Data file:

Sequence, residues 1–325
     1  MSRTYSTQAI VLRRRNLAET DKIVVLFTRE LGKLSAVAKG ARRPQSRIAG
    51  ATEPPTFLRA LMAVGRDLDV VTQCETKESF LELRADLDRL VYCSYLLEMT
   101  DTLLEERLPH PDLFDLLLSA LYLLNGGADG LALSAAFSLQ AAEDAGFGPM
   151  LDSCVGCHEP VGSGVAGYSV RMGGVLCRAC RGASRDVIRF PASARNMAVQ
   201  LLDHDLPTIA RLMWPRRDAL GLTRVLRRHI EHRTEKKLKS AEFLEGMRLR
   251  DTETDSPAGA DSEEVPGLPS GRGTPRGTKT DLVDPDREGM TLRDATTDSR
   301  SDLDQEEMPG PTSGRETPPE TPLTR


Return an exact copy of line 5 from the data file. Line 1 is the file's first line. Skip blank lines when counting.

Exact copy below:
   151  LDSCVGCHEP VGSGVAGYSV RMGGVLCRAC RGASRDVIRF PASARNMAVQ